20 October 2017.
THE SQUARE ***1/2
An audacious social commentary at this year’s Cannes film festival, Swedish director Ruben Östlund’s film is a harsh reflection on the hypocrisy and idiocy of the art milieu. It also delves into the guilt complex of Northern Europeans vs. immigrants, and the arid state of instant, impersonal sex.
The film takes place in and around a contemporary museum in Stockholm, with its director as the central dupe of this nerve-wracking tale which takes the audience deeper and deeper into bizarre occurrences. As brilliant as his last film “Force Majeure”, this one goes further under one’s skin to turn the spectator into a voyeur as in some northern gladiator game, in particular in one gala evening in which a poor muscleman is turned into an Elephant Man-like spectacle. Here is a tragic, troubling allegory that some found amusing.
It took the Palme d’Or in Cannes for its profound look into today’s troubling world
LA BELLE ET LA MEUTE / BEAUTY AND THE DOGS **** (vo French/Arabic)
Another important film at Cannes was this exceptionally brave work from the talented female director Kaouther Ben Hania from Tunisia. As with her last film, “Le Challat de Tunis”, Ben Hania continues her feminist struggle for women’s rights in her country. She was also a special guest at Salma Hayek’s Women in Motion conferences in Cannes.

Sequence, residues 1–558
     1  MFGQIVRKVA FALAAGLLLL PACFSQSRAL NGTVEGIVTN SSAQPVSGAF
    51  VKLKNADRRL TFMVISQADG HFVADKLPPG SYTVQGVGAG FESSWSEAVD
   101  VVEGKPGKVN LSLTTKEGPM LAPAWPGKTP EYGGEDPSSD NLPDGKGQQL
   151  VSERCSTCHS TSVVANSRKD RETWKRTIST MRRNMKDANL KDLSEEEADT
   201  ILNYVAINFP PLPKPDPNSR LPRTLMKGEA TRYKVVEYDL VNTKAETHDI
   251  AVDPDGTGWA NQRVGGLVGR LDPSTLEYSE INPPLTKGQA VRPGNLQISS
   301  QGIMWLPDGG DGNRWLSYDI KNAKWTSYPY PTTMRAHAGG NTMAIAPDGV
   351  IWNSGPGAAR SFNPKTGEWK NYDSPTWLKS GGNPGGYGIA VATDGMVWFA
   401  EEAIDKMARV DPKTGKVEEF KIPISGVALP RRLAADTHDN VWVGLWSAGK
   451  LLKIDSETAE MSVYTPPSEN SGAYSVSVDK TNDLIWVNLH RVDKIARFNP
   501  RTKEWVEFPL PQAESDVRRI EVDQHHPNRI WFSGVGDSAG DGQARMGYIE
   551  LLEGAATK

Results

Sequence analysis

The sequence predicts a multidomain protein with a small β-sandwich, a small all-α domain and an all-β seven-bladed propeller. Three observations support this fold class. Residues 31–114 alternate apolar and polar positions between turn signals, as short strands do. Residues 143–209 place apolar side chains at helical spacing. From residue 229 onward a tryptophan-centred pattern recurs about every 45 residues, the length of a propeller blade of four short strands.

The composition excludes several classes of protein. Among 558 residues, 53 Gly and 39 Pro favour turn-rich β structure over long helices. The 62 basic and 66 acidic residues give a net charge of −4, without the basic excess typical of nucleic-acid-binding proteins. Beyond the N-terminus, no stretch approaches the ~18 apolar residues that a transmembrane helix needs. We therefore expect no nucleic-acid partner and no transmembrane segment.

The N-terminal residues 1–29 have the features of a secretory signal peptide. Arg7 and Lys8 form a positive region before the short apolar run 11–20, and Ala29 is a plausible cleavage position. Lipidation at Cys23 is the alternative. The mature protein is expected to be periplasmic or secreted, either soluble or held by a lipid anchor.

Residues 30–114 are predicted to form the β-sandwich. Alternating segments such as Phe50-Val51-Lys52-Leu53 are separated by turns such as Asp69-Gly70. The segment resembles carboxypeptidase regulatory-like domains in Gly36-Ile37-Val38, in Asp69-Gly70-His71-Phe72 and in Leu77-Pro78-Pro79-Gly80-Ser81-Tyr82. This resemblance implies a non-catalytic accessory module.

Aptly titled BEAUTY AND THE DOGS, her film retraces the night a girl was raped by three police officers. Based on a true event which took place in 2011, the young victim’s desperate quest for some retribution and justice makes for a chilling thriller and a powerfully honest look at the inequalities entrenched both in Islamic and Western cultures.
Like “The Square”, this is a superbly made film, making it all the more essential viewing.
KNOCK * (vo French)
An ex-swindler works hard to become a doctor, and finally finds himself the brand new physician in a small town in France. Trying too hard to find patients, his past life manages to creep up on him. This fourth adaptation of an old classic (1951, starring Louis Jouvet) is a heavy-handed, too obvious and not-so-amusing comedy that uses Omar Sy, of “Les Intouchables” to give it some novelty. But would a town in the 1950s be so easily accepting of a black man? For director Lorraine Levy’s attempt at switching Nazism to racism doesn’t quite work here. And the formulaic scenario plus Sy’s overacting drags the film down. Save your time and money.
Superb **** Very Good *** Good ** Mediocre * Miserable – no stars
Neptune Ravar Ingwersen reviews film extensively for publications in Switzerland. She views 4 to 8 films a week and her aim is to sort the wheat from the chaff for readers.